Title: Yossel’s Journey
Author: Kathryn Lasky
Major Themes: Jews, Navajo, American Southwest, New Mexico
Synopsis: When Yossel and his family flee pogroms in Russia, they make a new home and friends on the Navajo reservation in New Mexico.
I remember discovering Kathryn Lasky’s books about 30 years ago. At that time, I was quite impressed with them; her picture books were a breath of fresh air—a new style! I still like them. I found Yossel’s Journey a couple of weeks ago, and I’ve read it to my younger children a couple of times now. When I read it this evening, everyone from age 12 on down to 3 was hanging over the book, listening intently and studying the pictures.
Yossel and his family lived in a village in Russia. When the soldiers were trying to hurt his Jewish people, his Papa and Mama decided the family must move to America. Yossel was very sad to leave his home. After a long trip, they arrived in New York City—but this family was not going to stay there! They set off on a long trip across America, and finally arrived in New Mexico, where they had inherited a small trading post on the Navajo Indian Reservation.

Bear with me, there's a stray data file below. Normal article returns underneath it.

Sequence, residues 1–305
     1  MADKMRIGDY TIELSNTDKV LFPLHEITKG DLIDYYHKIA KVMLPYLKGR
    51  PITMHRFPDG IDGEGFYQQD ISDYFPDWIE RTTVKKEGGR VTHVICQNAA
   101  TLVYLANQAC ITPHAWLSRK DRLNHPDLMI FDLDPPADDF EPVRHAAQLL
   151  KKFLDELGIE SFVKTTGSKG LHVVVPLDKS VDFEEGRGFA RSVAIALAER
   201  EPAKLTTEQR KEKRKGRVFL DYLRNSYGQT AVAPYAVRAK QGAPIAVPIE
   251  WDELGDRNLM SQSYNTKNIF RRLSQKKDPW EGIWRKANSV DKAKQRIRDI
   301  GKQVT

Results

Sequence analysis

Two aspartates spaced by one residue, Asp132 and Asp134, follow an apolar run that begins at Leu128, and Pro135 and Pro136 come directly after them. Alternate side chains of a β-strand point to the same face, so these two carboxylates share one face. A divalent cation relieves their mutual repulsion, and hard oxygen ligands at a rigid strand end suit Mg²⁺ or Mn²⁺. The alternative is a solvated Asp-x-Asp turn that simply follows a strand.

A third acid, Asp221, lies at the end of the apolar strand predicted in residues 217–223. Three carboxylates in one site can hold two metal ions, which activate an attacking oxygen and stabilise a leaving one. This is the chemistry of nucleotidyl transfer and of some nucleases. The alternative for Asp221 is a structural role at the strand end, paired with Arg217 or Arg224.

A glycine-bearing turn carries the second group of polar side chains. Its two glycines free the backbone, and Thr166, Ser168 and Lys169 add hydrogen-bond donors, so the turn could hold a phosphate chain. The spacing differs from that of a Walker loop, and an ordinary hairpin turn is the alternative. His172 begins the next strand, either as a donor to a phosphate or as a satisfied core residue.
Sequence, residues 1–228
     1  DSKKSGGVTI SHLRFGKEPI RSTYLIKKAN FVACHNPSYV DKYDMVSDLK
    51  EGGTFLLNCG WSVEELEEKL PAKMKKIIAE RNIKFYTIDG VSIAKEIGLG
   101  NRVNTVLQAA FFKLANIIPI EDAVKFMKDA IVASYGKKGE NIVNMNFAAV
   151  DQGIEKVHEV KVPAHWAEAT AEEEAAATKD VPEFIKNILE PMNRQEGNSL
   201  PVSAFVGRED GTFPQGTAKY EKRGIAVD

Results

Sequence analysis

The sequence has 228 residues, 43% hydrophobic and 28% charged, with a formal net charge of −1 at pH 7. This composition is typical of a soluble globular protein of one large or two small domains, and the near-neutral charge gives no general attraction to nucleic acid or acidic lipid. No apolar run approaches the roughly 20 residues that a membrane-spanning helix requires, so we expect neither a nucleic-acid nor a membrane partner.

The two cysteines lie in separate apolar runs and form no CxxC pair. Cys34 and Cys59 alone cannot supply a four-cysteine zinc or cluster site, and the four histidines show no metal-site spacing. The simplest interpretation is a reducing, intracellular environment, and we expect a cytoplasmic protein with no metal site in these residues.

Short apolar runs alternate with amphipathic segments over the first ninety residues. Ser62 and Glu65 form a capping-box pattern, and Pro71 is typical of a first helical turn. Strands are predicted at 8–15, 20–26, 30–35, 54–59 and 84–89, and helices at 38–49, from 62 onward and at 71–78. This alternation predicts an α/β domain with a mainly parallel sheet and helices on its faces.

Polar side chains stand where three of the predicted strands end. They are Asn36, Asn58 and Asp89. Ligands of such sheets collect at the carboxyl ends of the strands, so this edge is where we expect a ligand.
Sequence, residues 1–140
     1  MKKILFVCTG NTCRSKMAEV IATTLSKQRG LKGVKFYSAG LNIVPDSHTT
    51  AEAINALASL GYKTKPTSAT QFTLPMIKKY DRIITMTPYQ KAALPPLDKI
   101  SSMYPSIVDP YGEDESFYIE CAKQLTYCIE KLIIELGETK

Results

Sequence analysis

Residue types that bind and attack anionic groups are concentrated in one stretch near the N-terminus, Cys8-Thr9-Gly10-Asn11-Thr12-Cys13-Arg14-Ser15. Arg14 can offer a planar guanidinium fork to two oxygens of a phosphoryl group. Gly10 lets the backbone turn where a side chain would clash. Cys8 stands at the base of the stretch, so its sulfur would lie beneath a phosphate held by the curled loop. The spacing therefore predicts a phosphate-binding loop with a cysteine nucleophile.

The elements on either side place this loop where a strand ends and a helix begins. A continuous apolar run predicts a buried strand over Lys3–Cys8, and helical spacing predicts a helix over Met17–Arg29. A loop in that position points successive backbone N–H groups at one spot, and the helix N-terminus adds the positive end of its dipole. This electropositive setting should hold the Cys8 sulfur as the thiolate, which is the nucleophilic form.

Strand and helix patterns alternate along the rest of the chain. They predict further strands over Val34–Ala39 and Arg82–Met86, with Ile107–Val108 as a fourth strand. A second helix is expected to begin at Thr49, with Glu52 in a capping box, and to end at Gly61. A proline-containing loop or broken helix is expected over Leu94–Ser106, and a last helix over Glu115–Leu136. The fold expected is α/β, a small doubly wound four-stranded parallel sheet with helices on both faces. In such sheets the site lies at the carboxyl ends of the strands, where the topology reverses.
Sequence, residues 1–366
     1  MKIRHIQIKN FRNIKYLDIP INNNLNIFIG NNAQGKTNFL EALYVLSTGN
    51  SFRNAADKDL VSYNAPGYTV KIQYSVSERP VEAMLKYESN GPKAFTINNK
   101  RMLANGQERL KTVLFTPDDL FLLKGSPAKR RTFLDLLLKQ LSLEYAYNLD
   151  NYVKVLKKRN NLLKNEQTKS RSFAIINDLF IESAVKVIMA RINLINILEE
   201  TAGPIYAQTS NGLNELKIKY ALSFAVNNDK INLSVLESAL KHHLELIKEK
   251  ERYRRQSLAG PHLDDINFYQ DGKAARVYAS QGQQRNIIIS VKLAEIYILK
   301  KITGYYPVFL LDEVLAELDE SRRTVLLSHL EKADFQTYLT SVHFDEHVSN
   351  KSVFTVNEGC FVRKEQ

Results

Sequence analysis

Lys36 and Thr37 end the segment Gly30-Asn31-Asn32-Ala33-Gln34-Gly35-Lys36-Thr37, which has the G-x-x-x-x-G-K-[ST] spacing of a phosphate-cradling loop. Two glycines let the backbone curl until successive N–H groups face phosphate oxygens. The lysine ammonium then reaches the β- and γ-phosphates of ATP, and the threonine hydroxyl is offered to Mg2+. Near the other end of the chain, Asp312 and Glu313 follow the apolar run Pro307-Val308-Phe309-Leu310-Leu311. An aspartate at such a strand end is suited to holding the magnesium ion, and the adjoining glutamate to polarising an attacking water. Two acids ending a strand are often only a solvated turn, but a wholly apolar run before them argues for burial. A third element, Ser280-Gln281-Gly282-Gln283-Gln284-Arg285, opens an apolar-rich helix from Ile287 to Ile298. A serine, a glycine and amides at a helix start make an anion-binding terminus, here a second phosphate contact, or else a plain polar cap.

Yossel felt very lonely. He had left his best friend Moishe behind in Russia, and now he couldn’t speak the language of the people around him. Slowly, he began to make new friends, but it’s hard to tell jokes when you don’t know the language! Little by little, with the help of his new friend Thomas and Thomas’s naughty sheep Star Eye, Yossel started to feel at home and learned to communicate better. Then one day, when Yossel was visiting Thomas’s family, something very special happened and Yossel really felt at home.
The pictures in this beautiful book are unique. They give the flavor of the Navajo people among whom Yossel went to live. The colors remind me of Navajo art. I’m not sure what medium was used to create them, but they are gorgeous. I also like the way the author and artist have shown the contrast between the two cultures—Russian Jew and Navajo—and how the two peoples could learn to appreciate each other. The author’s note at the end of Yossel’s Journey is really interesting; I had no idea that Jewish people settled in the American Southwest! This note makes the book quite interesting to adults as well as to children.
I received a review copy of this book from NetGalley, and these are my honest thoughts about it.
Listening Level—Ages 3 – 4, 5 – 8
Reading Independently—Ages 7 – 9, 8 – 12